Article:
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Friday, March 13, 2015
Ind. Courts - "Prosecutors won't seek charges against DCS, Damar in young woman's death"
Marisa Kwiatkowski has the story this afternoon in the Indianapolis Star. The subhead: "A Department of Child Services employee and two Damar Services workers visited an Indianapolis home six days before a paralyzed young woman died but did not report concerns about her well-being." Some quotes from the sad story:
Marion County prosecutors will not pursue criminal charges against the Department of Child Services employee and Damar Services workers who visited an Indianapolis home six days before a young woman died yet did not report concerns about her well-being, a spokeswoman said.The ILB asked Prof. Schumm about the decision:
Linda Kelley died Aug. 4 in a filthy, cluttered home with blackened bedsores covering much of her lower body. Some were so deep they exposed the 18-year-old's bone and organs.
On the day she died, her parents' house was littered with dog feces, cigarette butts, trash bags, soiled adult diapers, empty pop cans and other items. Bugs crawled on the refrigerator.
In September, after seeing pictures of Linda and the home, Marion Juvenile Court Judge Marilyn Moores said she could not understand how the workers visiting only six days earlier could submit positive reports on the conditions there.
Two DCS employees were fired for failing to protect Linda, who had entered the DCS system as a child and turned 18 shortly before her death. DCS officials also canceled the agency's home services contract with Damar, citing "termination for endangering life, health or safety of any person."
But those employees' conduct did not constitute a crime, said Peg McLeish, spokeswoman for the Marion County prosecutor's office.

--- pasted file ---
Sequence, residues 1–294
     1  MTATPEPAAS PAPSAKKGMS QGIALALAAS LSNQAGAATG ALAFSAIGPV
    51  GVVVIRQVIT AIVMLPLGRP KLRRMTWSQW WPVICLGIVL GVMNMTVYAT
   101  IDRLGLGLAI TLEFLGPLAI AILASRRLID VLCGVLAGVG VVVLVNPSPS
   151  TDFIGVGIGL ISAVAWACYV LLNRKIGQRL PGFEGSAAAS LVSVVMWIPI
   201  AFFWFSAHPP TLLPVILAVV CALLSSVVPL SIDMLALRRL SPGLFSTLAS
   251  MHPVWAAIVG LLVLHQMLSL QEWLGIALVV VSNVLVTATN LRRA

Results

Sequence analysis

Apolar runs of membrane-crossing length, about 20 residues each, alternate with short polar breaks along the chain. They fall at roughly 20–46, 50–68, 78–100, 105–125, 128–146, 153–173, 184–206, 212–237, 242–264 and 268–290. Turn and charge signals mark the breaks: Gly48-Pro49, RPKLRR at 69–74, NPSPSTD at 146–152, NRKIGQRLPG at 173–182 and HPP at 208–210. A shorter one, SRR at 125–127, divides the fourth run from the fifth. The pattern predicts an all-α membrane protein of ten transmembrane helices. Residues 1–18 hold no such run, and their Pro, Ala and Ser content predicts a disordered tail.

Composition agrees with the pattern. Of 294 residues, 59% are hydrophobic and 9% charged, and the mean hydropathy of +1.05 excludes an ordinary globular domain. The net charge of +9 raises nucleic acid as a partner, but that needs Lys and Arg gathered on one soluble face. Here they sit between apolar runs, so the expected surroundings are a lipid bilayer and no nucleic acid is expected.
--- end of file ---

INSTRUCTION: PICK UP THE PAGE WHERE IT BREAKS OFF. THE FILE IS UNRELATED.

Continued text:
"We were not presented with information that would rise to the level of criminal charges against DCS or Damar Services employees," McLeish said in an email. "The parents had the actual physical custody and care of Linda." * * *
Linda Thatcher, who teaches students with significant disabilities in Indianapolis Public Schools, said she and others in the district repeatedly expressed concern about Linda's well-being to officials with DCS and Damar Services. She said they filed multiple reports in the two years before Linda's death, but officials wouldn't listen.
"We knew it was ungodly," Thatcher said.
I'm a little surprised by the conclusion that there was not probable cause to pursue any charges, even a violation of the duty to report child abuse under Indiana Code section 31-33-5-1. One would think that a DCS employee would be held to at least as high of a standard as the principal in Smith.Christopher Smith v. State of Indiana was a 2014 opinion of the Supreme Court.
Posted by Marcia Oddi on March 13, 2015 02:06 PM
Posted to Indiana Courts